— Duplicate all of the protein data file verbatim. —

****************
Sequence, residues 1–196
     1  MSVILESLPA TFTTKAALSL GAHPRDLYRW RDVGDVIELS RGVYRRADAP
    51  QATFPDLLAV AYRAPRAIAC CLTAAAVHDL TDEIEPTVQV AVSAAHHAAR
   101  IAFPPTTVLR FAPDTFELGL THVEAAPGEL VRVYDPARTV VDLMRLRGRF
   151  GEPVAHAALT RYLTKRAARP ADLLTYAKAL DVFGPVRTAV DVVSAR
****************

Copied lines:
Sequence, residues 1–196
     1  MSVILESLPA TFTTKAALSL GAHPRDLYRW RDVGDVIELS RGVYRRADAP
    51  QATFPDLLAV AYRAPRAIAC CLTAAAVHDL TDEIEPTVQV AVSAAHHAAR
   101  IAFPPTTVLR FAPDTFELGL THVEAAPGEL VRVYDPARTV VDLMRLRGRF
   151  GEPVAHAALT RYLTKRAARP ADLLTYAKAL DVFGPVRTAV DVVSAR